Through Jade's Eyes

This blog is about the fictional character, Jade del Cameron (, and the historical time period in which she lives.

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I'm the author of the Jade del Cameron historical mystery series set in 1920's Africa. Lots of action, intrigue, mystery and a dash of romance. Follow me at *The audio link (view complete profile) is an interview by Baron Ron Herron (9/17/2009, Santa Barbara {CA} News-Press Radio, KZSB, AM 1290

Monday, September 27, 2010



Jade del Cameron made friends with Jelani, a Kikuyu youth, in her first adventure, Mark Of The Lion, and nourished that friendship throughout her time in East Africa. For her, the friendship was born more out of appreciation of a person’s bravery. While she never fully understood or agreed with the Kikuyu’s beliefs, she respected them.

Most everyone who lived in Kenya Colony had encounters or dealings with the Kikuyu Tribe of Africans. Most did not understand them at all and many of those people never tried, choosing to ignore this entire culture or possibly to exploit it. Others endeavored to learn about their beliefs and customs and pass on their knowledge to others. And so the East African Standard ran a short series of articles in February, 1920 on Kikuyu customs, written by C. Wightwick Haywood.

Mr. Haywood began his articles by commenting on the Kikuyu’s sacred tree groves. He explained that these clumps of trees, standing alone on a hilltop were untouched by any axe as they were the home of Ngai, which is explained was their Spirit. (Ngai is the Maker). The trees had been surrounded by a plant parasite, often a “rubber vine” to the point that the original tree’s branches were merely a non-living support for the vines foliage.

“The Kikuyu consider this form of tree sacred, because it grows from the heavens downward, and not from the earth upwards, as is the habit of all well-behaved and properly brought up trees. They say that Ngai plants the weed in the top branches so that he can make his way down to the earth, and that the white milky juice of the parasite is part of the ‘Ngai’ put there to keep the tree from withering up in the longest drought.”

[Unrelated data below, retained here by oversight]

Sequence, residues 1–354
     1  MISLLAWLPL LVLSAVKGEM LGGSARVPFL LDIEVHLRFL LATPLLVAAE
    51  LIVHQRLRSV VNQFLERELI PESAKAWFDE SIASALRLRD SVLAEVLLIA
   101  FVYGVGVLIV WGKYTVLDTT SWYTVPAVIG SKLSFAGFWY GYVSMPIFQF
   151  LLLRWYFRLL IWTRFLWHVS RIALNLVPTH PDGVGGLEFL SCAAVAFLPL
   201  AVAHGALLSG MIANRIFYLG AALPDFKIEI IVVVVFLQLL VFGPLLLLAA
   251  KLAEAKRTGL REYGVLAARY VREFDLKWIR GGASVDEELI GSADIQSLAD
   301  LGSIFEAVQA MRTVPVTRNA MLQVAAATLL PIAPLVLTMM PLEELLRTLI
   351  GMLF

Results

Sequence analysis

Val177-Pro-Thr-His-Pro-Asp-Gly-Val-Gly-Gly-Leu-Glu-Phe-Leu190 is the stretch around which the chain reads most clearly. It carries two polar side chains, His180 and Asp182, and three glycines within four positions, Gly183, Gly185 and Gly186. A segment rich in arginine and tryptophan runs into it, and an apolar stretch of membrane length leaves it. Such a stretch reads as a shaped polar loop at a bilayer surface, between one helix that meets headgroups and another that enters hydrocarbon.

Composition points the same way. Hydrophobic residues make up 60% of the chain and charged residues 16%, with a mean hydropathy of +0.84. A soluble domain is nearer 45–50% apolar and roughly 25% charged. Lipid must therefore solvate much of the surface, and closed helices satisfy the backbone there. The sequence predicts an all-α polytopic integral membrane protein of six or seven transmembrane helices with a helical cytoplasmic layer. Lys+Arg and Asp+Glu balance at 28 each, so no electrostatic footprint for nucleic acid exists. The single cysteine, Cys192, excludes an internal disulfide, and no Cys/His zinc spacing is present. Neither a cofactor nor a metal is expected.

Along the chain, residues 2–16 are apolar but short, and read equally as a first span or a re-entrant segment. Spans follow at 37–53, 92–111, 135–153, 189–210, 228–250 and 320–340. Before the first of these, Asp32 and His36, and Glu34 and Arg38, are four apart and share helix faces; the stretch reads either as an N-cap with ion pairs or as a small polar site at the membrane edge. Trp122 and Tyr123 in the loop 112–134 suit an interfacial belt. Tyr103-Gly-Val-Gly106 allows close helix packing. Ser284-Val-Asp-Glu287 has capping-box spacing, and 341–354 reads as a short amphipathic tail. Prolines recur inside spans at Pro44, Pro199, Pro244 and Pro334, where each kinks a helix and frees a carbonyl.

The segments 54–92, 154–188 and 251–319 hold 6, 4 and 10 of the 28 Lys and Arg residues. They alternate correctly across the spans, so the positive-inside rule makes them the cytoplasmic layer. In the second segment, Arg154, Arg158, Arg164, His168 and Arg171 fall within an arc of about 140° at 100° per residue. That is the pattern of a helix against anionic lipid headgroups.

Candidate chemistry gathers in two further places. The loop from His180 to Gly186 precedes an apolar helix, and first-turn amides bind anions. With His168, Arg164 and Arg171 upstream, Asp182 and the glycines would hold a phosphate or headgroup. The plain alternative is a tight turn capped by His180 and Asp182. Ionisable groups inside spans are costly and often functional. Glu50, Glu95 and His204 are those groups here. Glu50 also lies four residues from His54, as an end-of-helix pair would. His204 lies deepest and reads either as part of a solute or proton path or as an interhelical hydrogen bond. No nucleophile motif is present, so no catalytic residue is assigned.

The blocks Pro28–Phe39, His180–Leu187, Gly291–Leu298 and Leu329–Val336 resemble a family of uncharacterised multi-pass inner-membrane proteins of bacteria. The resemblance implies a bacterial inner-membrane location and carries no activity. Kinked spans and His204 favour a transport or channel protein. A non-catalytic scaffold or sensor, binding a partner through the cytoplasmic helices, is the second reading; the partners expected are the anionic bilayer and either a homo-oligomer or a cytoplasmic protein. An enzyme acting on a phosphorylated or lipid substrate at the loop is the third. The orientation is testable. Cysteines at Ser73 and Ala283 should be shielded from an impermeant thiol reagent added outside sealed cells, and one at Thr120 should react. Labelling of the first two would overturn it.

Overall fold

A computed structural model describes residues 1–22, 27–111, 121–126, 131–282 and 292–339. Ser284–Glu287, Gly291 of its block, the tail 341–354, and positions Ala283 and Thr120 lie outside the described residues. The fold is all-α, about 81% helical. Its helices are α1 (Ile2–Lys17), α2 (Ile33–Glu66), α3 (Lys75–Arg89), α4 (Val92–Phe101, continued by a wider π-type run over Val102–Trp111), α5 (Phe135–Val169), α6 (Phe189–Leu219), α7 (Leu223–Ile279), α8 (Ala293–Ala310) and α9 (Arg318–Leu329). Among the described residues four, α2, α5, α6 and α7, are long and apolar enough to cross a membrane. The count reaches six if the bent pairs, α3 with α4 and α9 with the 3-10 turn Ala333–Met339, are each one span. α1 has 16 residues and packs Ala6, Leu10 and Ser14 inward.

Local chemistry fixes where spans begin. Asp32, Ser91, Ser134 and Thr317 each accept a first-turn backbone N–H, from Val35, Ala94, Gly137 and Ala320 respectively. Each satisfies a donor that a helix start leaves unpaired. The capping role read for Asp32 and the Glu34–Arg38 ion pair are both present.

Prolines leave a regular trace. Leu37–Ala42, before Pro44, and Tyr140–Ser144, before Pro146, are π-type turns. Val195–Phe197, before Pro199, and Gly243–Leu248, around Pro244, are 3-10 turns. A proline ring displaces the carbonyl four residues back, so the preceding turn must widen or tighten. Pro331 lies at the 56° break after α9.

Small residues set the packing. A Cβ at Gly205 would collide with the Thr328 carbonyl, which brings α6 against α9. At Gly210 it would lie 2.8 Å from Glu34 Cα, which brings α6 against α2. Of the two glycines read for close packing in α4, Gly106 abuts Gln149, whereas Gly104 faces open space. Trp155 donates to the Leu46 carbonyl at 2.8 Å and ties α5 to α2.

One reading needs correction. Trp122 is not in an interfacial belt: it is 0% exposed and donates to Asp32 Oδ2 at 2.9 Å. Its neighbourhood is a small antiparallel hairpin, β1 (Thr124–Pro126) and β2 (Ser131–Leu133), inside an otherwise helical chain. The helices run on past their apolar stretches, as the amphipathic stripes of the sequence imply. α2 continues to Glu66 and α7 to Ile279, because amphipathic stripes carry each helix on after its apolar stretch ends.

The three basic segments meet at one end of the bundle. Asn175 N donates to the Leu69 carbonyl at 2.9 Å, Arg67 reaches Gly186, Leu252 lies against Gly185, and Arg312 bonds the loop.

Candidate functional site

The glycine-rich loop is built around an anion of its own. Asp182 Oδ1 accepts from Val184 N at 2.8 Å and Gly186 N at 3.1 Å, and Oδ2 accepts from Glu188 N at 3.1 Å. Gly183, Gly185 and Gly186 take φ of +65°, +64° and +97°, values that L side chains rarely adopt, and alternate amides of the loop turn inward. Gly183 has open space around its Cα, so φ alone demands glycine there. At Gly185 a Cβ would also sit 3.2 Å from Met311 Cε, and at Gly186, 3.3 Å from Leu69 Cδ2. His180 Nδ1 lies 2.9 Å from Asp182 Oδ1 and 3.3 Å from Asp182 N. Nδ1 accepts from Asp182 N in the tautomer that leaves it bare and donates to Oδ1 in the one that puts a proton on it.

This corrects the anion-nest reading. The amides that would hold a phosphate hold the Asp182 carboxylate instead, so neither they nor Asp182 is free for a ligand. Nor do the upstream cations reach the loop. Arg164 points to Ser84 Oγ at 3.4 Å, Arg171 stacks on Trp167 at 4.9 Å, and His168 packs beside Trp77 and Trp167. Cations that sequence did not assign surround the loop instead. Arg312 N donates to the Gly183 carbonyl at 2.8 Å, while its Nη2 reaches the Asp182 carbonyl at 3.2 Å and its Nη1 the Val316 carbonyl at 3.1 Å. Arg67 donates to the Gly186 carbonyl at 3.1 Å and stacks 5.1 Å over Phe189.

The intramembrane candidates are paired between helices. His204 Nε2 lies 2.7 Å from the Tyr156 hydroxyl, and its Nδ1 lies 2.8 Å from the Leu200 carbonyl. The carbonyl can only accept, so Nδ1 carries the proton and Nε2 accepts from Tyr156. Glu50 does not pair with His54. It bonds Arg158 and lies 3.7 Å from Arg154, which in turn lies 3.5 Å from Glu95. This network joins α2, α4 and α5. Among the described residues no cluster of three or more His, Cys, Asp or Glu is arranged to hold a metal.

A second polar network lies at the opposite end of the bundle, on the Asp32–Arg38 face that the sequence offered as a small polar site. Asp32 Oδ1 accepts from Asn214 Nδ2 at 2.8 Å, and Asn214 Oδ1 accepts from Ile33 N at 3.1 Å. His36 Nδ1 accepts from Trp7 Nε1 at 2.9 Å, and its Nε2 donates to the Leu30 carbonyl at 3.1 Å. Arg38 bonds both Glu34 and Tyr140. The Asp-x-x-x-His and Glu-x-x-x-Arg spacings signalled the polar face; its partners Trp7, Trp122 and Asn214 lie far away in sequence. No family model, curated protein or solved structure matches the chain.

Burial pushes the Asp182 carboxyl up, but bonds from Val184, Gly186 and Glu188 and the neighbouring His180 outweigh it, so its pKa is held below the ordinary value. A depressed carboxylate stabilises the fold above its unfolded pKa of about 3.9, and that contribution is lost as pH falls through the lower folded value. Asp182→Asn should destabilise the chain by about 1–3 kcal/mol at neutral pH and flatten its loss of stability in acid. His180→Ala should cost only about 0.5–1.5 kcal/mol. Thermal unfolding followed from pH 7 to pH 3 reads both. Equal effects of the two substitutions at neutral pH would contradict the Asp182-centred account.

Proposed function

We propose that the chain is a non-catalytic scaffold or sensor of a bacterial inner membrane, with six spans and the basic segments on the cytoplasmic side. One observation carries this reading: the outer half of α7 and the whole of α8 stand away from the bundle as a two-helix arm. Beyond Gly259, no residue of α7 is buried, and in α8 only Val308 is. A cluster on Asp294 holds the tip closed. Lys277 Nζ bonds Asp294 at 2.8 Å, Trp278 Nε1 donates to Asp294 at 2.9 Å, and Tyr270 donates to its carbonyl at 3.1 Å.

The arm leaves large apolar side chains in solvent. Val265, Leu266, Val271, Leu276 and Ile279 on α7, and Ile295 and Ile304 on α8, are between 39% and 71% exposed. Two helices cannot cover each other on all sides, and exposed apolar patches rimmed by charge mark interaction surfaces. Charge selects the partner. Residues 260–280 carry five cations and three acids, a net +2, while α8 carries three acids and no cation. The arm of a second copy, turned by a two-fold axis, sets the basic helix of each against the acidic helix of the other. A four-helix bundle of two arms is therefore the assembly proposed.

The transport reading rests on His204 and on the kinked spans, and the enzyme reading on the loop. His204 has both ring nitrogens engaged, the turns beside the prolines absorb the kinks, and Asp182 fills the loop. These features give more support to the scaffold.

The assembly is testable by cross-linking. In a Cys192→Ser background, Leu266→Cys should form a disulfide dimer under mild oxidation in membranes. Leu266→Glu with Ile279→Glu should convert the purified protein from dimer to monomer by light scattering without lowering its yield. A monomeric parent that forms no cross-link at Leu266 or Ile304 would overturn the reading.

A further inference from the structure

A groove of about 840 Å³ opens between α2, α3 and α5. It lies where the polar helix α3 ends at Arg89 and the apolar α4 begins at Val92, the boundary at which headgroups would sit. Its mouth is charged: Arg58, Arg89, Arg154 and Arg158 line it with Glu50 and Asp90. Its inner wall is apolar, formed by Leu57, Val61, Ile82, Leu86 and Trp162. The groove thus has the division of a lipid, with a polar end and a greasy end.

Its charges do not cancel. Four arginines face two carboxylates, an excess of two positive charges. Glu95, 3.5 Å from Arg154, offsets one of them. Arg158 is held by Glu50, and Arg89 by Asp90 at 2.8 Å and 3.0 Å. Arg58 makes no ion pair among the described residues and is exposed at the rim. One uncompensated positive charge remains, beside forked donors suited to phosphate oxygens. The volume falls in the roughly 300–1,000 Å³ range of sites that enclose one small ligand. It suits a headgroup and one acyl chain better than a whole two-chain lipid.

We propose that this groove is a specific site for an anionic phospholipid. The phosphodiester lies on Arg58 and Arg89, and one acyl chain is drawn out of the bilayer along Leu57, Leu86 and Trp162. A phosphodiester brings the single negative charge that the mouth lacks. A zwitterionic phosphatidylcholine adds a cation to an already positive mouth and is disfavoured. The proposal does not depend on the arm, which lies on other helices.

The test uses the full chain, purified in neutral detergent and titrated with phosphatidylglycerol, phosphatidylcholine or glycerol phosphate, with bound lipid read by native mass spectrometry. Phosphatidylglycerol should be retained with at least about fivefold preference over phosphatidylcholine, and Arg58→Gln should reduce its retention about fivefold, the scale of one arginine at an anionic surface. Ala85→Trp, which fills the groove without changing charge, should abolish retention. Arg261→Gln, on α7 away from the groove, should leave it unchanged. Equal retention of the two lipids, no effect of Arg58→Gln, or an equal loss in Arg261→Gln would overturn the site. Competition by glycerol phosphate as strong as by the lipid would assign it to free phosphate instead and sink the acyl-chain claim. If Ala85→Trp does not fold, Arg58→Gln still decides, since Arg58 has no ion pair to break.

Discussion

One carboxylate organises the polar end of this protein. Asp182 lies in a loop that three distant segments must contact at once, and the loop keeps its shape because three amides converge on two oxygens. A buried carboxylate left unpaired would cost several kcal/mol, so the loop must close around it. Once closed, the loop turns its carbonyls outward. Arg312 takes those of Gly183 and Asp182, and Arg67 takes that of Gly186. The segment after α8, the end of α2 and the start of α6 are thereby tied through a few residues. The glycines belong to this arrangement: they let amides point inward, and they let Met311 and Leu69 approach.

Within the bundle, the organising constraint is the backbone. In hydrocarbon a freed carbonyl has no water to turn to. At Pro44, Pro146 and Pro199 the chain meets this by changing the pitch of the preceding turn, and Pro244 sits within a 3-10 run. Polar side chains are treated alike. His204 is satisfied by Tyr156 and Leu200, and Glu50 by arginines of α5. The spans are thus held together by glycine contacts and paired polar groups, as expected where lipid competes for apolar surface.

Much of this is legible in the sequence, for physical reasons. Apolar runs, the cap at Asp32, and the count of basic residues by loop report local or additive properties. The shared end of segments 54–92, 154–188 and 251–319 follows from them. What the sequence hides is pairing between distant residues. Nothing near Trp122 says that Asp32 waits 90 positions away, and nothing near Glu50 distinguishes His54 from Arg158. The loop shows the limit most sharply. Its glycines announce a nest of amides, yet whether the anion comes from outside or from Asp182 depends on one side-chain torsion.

The Kikuyu believe that Ngai “commands the rains, makes the crops grow, causes the goats and cattle to give milk, and the women to bear children.” But, the author ads, this is done only as long as the Kikuyu observe certain rituals.

Next week: Rituals for Rain and Ngai’s other gifts.

Quotes taken from The East African Standard, Febr. 21, 1920

By the way, The Crocodile’s Last Embrace just received a starred review by Publishers’ Weekly who called it “rip-roaring.” Romantic Times gave it 4 Stars and called it “Enormously fun” and Library Journal’s starred review stated “Do not miss this one.”


1) Does mystery have to equal murder? I weigh in with the Suspense Sirens on their blog posting at :

2) Interested in some insight into what makes me and Jade tick? Go to SCENE OF THE CRIME for an interesting interview at a great website by author J. Sydney Jones.

NOTE: These blogs are meant to give some insight into the life and times of my fictional character, Jade del Cameron. Jade’s mystery adventures take place in post WWI Africa. To date they are: Mark of the Lion, Stalking Ivory, and The Serpent’s Daughter, and The Leopard’s Prey, all available in trade paperback. TREASURE OF THE GOLDEN CHEETAH is available in hardcover. THE CROCODILE’S LAST EMBRACE will be released Sept. 7, 2010. An excerpt and information on ordering signed copies is available at the website: Follow short updates on

This blog made the short list for Best Author's Blog as awarded by Thank you everyone who voted for me.

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